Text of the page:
Members of a number of Liberty University Athletics teams partnered with the Dream Again Life Foundation to host the “Keep it Moving With Character” summer day camp this week at R.S. Payne Elementary School in Lynchburg.
The camp, sponsored by Liberty Academic Affairs for Athletics' Student-Athlete Development, is an opportunity for student-athletes to help young people to stay active.
"The camps give kids a place to go in the summer so they won't be just sitting at home playing video games,” said Liberty assistant track and field coach Andrew “Pete” McFadden. “We'll try to work on social skills for interaction with the public and help them stay in tune with education while the summer is going on.”
|Liberty Athletics academic coordinator Jessica Lloyd paints faces at the 'Keep It Moving With Character' Carnival on Thursday.|
About 40 students interacted with Liberty student-athletes at sport stations such as football, basketball and track. Team building was focused on through different game scenarios. Each day featured a daily principle upon which the individual activities revolved around.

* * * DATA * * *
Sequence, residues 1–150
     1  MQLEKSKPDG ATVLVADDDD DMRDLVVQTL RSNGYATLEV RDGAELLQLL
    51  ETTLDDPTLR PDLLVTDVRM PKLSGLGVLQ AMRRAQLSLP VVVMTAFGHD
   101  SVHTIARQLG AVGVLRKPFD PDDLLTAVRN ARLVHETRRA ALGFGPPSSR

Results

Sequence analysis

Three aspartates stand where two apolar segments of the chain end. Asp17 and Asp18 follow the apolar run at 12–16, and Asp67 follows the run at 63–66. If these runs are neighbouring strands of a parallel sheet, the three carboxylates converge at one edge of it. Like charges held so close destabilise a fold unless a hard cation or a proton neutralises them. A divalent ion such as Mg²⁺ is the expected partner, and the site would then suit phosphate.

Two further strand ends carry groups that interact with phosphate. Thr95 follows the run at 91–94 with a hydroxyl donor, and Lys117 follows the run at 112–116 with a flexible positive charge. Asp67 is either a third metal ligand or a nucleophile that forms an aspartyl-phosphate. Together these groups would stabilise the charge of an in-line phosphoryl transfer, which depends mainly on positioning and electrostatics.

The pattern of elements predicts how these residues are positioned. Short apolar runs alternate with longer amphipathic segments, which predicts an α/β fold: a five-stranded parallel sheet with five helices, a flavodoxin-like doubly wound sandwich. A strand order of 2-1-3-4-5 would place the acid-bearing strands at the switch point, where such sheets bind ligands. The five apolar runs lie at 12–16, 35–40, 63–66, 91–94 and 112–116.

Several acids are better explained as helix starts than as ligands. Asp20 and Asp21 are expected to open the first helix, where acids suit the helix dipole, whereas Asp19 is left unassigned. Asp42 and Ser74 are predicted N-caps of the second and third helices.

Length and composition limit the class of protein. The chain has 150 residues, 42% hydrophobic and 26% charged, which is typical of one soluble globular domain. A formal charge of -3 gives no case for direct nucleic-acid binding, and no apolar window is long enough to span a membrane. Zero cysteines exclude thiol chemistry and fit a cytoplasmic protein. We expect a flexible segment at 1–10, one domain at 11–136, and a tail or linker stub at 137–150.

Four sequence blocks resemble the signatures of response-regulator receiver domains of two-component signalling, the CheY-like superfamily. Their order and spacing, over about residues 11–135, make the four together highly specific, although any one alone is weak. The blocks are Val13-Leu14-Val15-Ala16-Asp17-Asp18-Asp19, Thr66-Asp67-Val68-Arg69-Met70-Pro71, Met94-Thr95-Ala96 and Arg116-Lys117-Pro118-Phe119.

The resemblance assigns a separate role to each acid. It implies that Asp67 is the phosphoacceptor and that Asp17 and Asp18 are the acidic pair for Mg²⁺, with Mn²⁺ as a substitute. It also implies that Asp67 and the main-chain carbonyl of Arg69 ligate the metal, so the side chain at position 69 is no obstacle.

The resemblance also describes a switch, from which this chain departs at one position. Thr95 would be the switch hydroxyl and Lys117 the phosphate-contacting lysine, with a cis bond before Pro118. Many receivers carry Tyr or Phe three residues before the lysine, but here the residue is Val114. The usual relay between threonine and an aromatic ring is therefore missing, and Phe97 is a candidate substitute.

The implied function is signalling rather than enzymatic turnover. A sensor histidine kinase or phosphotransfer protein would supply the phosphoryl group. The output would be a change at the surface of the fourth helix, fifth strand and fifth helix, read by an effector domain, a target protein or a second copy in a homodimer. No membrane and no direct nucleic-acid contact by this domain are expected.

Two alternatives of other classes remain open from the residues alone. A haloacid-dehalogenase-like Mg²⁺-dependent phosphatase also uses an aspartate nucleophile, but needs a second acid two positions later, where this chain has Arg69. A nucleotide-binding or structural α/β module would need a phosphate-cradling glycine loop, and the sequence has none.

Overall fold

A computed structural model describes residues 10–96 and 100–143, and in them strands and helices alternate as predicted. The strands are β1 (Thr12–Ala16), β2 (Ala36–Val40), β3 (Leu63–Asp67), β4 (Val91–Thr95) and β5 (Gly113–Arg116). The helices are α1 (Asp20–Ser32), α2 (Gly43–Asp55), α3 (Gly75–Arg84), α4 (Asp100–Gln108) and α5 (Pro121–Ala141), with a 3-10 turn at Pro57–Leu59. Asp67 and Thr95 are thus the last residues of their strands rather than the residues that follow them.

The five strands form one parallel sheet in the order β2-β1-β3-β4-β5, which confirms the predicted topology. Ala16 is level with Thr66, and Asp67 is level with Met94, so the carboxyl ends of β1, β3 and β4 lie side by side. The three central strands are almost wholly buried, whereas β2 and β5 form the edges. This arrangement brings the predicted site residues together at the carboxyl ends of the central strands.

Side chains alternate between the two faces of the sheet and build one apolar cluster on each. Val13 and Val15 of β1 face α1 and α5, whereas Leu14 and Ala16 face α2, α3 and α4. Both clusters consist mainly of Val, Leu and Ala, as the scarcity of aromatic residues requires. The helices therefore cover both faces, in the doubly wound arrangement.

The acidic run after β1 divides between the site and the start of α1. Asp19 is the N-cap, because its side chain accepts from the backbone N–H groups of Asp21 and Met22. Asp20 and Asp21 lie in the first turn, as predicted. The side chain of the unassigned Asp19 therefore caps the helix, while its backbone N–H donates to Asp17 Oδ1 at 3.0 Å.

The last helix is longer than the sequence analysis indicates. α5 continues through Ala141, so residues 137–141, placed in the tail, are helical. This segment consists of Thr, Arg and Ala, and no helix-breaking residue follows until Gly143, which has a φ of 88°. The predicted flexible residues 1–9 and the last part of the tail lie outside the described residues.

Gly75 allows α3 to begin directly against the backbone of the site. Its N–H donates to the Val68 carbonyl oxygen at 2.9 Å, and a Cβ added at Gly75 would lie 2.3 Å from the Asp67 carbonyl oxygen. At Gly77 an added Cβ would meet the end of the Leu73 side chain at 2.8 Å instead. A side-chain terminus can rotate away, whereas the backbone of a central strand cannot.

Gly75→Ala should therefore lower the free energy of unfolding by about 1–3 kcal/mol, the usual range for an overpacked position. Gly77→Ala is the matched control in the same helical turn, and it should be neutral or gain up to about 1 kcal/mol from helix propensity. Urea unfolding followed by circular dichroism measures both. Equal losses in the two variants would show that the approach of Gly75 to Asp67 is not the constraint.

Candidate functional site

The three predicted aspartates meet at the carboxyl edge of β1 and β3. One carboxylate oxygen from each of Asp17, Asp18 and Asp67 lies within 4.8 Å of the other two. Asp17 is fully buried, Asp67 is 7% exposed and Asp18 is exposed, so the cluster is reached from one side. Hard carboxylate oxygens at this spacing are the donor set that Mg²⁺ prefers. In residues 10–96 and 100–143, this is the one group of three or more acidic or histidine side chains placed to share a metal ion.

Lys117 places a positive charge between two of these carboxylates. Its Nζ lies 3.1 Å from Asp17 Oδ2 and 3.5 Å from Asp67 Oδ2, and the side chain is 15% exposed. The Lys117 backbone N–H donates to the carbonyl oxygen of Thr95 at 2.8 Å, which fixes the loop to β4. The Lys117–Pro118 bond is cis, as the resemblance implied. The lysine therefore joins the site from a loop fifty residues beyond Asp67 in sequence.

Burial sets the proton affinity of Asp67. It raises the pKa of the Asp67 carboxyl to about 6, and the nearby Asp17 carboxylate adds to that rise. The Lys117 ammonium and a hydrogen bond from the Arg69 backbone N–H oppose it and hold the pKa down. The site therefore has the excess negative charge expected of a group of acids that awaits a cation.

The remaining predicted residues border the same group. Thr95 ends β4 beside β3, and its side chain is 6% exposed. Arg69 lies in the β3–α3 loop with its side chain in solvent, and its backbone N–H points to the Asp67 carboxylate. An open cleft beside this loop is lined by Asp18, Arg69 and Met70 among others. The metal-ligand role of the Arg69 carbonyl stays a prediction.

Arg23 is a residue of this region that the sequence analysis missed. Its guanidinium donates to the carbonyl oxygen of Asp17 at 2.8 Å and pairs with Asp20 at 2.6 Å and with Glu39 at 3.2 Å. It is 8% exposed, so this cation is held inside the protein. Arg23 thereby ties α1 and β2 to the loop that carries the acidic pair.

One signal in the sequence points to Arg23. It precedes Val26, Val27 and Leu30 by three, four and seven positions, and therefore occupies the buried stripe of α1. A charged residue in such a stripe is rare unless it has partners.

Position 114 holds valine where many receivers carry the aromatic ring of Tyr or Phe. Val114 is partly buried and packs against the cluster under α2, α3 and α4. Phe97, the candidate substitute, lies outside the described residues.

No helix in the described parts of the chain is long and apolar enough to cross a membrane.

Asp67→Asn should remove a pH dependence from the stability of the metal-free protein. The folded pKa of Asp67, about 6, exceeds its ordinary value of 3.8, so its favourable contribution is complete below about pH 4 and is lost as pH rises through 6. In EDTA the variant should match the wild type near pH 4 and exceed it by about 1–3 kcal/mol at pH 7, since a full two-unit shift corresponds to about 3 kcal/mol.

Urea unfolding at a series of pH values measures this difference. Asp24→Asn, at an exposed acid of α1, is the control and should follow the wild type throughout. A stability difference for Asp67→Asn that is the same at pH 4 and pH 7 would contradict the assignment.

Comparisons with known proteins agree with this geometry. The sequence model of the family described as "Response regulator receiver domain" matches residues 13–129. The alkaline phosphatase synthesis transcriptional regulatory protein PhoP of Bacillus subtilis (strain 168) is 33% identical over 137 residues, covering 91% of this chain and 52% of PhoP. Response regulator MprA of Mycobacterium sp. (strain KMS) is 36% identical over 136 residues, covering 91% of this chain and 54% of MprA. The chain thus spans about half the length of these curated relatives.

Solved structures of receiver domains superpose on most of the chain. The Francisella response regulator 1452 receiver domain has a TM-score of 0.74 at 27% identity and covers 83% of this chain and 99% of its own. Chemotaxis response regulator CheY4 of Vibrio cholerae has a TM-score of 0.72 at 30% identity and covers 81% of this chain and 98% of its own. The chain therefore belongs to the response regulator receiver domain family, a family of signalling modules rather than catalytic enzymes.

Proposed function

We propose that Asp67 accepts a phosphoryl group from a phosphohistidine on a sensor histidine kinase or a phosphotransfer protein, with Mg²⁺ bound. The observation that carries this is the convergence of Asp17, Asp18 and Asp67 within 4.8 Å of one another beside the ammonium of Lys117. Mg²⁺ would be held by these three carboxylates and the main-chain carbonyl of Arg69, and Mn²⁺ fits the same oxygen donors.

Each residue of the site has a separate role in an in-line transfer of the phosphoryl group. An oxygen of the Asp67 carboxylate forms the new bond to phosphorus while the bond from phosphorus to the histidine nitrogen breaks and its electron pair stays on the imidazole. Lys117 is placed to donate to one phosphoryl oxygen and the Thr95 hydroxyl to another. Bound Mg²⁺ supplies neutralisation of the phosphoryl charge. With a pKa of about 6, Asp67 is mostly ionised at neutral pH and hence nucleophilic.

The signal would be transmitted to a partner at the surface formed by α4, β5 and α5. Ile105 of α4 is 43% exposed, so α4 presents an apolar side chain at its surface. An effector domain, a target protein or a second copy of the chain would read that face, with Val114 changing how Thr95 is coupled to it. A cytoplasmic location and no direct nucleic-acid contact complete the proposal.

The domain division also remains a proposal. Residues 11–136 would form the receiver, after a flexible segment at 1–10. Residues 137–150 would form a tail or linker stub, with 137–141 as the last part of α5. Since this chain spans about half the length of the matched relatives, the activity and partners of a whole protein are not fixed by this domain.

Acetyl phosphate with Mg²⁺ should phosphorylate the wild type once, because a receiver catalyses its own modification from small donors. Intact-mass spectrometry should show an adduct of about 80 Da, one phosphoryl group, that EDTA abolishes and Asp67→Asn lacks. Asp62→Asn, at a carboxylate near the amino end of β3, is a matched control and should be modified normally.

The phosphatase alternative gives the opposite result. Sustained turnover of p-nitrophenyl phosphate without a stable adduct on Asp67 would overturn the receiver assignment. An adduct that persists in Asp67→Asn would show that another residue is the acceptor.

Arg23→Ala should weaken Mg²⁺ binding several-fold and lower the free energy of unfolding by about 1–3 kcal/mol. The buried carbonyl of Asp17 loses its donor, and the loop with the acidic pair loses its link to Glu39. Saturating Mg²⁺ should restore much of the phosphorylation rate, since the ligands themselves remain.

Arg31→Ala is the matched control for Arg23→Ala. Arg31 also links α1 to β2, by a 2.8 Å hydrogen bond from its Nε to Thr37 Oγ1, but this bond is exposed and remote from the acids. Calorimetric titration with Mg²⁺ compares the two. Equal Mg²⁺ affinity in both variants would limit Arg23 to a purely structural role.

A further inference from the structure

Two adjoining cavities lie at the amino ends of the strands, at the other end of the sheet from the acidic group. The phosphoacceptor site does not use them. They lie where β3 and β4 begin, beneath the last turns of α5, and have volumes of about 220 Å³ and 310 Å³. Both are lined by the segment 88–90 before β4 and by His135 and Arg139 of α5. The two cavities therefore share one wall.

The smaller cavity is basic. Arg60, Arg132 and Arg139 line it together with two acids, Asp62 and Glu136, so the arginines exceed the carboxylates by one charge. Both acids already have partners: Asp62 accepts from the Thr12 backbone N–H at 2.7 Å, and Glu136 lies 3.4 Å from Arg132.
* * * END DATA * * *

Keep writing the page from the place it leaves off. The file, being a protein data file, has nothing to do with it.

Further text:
The camp began on Monday and culminated in an awards ceremony on Thursday in the school’s auditorium, followed by a carnival in the gymnasium.
"With this camp, we're looking forward to bringing something back to the community and really reaching out," said former Liberty track athlete Lauren Mosley, who helped organize the camp. The project was part of her summer internship with Liberty Academic Affairs for Athletics.
Many Liberty coaches and athletes, including Brittany Campbell (women’s basketball), Nathan Witkowski (cheerleading) as well as football players Kevin Fogg, Malcolm Boyd, Aldreakis Allen, and Demetrius Ward, volunteered along with Liberty administrator Kristie Beitz.
This is the first of what McFadden hopes will be many camps throughout the city to teach children character values.
"My goal is for this to be a life-changing event,“ he said. “I told the staff that is going to be working the camp, that I want them to believe this is a camp that kids will look back at 10-15 years from now, and be able to say, ‘This is the camp that changed my life, these people really care, these people really support and these people really want to be a part of my life.'"